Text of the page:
What does SEGMENT_START(“text-segment”, 0x400000) represent?

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I'm learning about the layout of executable binaries. My end goal is to analyze a specific executable for things that could be refactored (in its source) to reduce the compiled output size.

I've been using https://www.embeddedrelated.com/showarticle/900.php and https://www.geeksforgeeks.org/memory-layout-of-c-program/ as references for this initial learning.

From what I've learned, a linker script specifies the addresses where sections of compiled binaries are placed. E.g.

> ld --verbose | grep text
  PROVIDE (__executable_start = SEGMENT_START("text-segment", 0x400000)); . = SEGMENT_START("text-segment", 0x400000) + SIZEOF_HEADERS;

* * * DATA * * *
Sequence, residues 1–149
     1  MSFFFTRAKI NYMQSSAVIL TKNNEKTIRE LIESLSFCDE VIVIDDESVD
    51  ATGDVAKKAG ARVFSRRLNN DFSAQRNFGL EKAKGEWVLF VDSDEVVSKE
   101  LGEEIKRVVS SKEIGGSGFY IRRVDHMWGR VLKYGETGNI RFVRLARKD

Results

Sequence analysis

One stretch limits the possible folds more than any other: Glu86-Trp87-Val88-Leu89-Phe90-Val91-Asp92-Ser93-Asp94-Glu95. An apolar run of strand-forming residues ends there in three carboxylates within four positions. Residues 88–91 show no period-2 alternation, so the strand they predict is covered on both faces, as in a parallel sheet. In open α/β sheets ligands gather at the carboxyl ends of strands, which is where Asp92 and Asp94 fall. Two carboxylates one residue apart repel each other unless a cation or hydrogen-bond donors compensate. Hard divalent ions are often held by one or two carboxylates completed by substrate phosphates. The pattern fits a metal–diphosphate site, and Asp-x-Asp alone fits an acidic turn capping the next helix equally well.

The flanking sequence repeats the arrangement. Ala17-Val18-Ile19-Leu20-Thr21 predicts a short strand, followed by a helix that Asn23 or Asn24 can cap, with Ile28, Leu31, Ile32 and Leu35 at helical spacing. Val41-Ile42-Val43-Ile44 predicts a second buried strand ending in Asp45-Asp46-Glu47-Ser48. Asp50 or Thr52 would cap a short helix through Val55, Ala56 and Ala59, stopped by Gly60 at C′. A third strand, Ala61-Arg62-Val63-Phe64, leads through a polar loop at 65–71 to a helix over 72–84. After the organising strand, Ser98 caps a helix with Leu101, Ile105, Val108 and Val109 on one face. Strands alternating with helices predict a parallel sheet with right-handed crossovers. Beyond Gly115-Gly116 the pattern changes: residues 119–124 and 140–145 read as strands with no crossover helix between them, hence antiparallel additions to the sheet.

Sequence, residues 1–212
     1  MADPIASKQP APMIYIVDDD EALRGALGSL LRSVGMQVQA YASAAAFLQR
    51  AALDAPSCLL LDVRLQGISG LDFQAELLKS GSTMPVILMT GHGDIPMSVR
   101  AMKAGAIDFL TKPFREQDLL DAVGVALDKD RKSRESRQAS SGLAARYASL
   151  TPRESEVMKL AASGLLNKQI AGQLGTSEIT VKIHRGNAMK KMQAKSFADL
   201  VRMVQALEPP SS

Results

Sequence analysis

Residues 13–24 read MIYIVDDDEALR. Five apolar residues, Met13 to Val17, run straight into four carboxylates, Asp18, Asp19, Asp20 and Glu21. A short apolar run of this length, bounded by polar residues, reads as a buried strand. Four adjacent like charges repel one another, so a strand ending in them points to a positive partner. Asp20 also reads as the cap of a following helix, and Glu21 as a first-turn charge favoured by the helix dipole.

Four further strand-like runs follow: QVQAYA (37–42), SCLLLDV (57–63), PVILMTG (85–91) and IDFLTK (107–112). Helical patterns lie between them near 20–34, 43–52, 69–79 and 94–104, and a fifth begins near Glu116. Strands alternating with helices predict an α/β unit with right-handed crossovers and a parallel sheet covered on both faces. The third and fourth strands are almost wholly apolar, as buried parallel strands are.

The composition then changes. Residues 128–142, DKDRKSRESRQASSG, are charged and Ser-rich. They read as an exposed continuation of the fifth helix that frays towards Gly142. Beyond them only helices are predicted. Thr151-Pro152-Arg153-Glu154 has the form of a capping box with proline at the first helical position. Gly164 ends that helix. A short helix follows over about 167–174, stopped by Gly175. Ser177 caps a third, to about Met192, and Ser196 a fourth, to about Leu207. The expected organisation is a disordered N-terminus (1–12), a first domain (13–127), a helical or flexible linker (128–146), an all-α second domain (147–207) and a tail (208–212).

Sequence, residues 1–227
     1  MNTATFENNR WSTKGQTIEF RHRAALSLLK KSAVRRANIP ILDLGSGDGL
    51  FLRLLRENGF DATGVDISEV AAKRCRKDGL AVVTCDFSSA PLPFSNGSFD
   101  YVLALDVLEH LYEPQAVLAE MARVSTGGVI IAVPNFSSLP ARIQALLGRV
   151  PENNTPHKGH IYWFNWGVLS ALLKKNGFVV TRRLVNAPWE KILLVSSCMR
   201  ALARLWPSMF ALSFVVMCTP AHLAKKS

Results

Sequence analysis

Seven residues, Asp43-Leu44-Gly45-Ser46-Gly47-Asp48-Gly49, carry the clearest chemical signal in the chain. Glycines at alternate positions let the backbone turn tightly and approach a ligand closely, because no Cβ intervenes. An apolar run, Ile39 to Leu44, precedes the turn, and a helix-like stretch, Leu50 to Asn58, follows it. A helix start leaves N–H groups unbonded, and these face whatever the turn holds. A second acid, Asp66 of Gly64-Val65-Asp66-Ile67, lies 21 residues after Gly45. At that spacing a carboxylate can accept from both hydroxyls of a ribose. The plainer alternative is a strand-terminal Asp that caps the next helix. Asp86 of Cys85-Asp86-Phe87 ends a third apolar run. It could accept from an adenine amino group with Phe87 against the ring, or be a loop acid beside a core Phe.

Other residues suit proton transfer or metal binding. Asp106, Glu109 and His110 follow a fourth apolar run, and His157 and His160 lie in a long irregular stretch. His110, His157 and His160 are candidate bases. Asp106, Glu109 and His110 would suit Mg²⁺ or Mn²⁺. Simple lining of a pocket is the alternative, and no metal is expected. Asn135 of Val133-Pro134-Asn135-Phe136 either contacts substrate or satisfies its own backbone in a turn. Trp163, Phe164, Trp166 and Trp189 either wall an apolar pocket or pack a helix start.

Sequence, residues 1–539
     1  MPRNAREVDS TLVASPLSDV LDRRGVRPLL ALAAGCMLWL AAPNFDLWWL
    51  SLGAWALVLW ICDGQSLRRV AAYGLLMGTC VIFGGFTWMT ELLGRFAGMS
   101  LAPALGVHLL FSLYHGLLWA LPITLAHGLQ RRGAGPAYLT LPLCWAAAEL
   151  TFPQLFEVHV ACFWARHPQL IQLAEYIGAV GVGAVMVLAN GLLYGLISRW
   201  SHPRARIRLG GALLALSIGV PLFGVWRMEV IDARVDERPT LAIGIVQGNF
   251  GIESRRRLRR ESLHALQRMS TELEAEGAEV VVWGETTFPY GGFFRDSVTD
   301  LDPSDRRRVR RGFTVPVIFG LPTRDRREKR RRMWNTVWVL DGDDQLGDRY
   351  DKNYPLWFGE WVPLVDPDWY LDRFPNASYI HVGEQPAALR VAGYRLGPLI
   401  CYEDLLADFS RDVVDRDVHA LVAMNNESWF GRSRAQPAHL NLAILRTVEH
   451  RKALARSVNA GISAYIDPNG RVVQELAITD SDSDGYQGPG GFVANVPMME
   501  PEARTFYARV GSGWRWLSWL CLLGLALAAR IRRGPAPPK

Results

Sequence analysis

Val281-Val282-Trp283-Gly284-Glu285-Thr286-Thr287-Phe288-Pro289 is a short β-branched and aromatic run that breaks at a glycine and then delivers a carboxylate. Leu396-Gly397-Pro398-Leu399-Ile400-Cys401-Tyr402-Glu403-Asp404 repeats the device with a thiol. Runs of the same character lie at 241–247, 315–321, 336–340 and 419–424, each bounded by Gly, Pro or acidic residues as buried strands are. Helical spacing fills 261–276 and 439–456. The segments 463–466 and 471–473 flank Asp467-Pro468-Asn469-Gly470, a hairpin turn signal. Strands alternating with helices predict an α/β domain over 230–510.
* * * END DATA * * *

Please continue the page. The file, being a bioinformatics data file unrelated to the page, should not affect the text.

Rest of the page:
*(.rela.text .rela.text.* .rela.gnu.linkonce.t.*)

I think this means that the text segments of compiled binaries starts at memory address 0x400000 - true?

I'm probably not understanding something properly, but surely that 0x400000 does not represent a physical memory location, does it? E.g. if I were to run two instances of my compiled a.out executable in parallel, they couldn't both simultaneously occupy the space at 0x400000, right?

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